“In the Bowie quarries there is a bed of marble about 20 feet thick of very good color and grade with the exception that it is locally admixed with lenses and irregular occluded masses of dolomite.
“The lower beds of the Bowie Quarry are dolomite with an occasional thin bed or lens of marble. Along the marble dolomite contact zone there is a considerable admixture of dolomite and the marble, showing clearly that this has been a fracture and slipping zone with accompanying drag and occlusions. In the southwest of the two Bowie quarries where the marble bed is best exposed a thin bed or lens of dolomite overlies it. The presence of the dolomite above the marble suggests the possibility of the marble bed being similar to one of the marble beds known to exist in the neighborhood of Pratt’s Ferry, some distance below the top of the Knox Dolomite formation; however, the valley immediately to the east of the Bowie Quarry suggests the presence of marble between the quarry and the Talladega phyllite.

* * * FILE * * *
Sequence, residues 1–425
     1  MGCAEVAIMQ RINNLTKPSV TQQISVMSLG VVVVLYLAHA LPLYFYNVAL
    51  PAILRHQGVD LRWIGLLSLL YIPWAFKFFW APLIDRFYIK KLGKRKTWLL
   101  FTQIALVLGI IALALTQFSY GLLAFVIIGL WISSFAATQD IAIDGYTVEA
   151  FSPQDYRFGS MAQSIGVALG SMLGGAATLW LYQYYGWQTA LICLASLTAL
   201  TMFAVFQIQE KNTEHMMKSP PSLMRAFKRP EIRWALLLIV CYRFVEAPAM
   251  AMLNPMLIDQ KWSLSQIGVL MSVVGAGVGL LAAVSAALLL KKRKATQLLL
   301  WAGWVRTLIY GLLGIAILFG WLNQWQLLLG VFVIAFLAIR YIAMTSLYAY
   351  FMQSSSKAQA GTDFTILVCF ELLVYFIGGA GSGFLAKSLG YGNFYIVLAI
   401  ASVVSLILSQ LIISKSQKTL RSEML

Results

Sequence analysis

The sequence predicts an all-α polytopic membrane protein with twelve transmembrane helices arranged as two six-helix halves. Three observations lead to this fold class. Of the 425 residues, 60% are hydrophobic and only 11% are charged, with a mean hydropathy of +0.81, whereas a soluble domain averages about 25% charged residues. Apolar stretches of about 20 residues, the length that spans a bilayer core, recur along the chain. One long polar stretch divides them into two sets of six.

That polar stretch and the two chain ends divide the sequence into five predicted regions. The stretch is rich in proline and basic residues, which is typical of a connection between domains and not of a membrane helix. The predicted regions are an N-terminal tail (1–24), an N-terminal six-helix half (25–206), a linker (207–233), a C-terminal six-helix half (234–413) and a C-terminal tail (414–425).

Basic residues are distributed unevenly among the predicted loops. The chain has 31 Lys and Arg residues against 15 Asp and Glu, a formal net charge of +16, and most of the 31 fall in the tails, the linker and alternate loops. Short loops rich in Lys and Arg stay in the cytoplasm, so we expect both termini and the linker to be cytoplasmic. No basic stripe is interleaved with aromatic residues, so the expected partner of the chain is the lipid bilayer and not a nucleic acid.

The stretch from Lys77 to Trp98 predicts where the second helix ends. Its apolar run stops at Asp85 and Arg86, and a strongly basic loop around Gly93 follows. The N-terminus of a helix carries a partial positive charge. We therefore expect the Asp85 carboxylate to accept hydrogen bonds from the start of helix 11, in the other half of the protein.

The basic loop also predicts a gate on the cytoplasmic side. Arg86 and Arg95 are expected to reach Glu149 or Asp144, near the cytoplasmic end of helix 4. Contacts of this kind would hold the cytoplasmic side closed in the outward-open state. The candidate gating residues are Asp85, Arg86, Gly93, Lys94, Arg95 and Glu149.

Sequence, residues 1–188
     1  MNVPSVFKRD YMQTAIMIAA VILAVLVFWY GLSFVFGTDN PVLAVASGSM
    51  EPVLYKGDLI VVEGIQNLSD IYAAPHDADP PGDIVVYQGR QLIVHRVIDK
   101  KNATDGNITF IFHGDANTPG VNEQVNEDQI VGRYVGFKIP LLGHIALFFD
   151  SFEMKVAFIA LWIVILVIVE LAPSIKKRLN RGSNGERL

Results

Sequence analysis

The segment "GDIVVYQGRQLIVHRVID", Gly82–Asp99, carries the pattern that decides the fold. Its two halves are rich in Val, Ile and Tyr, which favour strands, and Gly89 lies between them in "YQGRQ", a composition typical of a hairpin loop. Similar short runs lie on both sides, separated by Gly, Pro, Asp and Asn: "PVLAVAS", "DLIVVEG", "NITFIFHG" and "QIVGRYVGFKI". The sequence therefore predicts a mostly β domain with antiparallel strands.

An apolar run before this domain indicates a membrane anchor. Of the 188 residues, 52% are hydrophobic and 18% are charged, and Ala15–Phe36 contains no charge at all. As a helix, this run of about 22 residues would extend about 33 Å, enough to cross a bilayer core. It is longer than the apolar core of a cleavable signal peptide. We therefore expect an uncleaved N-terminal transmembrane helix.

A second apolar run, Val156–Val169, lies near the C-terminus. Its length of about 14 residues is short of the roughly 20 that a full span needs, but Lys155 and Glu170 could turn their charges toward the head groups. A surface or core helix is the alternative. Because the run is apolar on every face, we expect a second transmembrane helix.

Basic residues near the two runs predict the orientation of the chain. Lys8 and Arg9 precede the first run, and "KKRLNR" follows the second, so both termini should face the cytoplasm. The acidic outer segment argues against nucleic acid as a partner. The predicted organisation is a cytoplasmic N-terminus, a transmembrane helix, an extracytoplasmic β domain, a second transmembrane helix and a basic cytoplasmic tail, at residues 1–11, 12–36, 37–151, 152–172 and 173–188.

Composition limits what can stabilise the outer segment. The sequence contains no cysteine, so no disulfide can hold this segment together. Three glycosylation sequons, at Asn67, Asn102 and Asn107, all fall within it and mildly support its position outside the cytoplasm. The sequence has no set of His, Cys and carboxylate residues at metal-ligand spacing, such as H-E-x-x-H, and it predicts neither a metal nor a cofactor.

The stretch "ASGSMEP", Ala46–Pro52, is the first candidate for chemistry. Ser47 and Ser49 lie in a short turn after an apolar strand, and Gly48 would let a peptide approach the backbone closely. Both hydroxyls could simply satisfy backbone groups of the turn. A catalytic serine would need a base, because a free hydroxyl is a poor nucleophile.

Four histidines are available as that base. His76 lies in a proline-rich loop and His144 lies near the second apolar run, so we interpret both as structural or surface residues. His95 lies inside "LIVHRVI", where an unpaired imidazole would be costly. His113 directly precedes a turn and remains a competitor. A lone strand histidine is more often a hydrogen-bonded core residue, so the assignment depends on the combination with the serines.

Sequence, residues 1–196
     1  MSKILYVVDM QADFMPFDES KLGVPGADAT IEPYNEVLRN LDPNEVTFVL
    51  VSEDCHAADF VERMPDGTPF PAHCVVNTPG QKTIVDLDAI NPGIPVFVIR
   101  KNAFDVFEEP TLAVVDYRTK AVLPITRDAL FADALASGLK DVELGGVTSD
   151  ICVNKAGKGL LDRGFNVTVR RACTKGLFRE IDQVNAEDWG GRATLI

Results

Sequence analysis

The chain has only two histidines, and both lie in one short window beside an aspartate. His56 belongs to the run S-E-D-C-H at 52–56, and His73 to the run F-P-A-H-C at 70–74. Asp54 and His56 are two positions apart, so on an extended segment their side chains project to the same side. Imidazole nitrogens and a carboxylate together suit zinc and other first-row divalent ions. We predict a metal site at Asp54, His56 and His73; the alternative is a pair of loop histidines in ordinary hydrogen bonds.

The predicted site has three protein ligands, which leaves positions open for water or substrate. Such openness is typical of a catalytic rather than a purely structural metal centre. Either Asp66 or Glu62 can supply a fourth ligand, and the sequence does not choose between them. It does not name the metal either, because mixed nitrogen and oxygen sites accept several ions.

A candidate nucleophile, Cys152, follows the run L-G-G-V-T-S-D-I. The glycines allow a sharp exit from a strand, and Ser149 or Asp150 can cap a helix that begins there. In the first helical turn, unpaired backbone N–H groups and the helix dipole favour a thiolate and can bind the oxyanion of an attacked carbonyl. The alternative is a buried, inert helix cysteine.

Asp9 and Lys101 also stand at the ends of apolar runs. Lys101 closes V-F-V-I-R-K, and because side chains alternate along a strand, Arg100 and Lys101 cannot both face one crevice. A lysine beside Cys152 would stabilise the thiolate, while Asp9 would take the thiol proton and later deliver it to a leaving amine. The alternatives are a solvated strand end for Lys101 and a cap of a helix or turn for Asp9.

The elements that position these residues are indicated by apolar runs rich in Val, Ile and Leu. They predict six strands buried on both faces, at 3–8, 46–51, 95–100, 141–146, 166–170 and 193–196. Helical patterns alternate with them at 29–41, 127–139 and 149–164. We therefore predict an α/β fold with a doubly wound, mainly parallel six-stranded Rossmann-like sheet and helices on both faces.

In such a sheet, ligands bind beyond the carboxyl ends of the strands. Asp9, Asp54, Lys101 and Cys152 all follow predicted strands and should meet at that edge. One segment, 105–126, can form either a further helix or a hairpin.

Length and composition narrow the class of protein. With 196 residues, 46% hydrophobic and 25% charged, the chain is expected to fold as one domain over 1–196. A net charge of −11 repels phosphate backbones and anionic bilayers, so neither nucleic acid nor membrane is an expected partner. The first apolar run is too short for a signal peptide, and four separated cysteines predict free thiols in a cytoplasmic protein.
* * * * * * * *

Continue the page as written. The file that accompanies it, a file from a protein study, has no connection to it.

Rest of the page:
“Marble was successfully produced and marketed form the Bowie quarries for a number of years prior to the war, first by Herd Brothers and then by Bowie, Oden & Co. Much of the stone from the quarries was transported over the old plank road to Montgomery and Wetumpka. Since the war the Bowie quarries have not been successfully worked for marble. They are now the property of the Jenifer Iron Co., and at one time were extensively operated for fluxing material.
(For more information on the Rendalia Marble Quarry District, see:
Rendalia (southeast of), Alabama – the Rendalia Marble Division below)
Rendalia Division - Extent and Exposures
“This division includes that portion of the marble area lying between the offset southeast of Berney’s and the great offset of the marble measures at Sycamore, a distance of 6 miles. In this division there is one good exposure of the marble at the Bowie quarries and another very inconspicuous outcrop on the east side of Jack Mountain, just to the east of Ledbetter’s. No other exposures of marble are known to occur in this division and its presence is alone indicated by the topography and soil.
East of Bowie Quarry
“Just to the east of the Bowie Quarries there is an apparent offset of the measures. From here nearly to Rendalia the marble valley is not well defined, but between Rendalia and Berney’s the valley becomes more distinct and increases in width.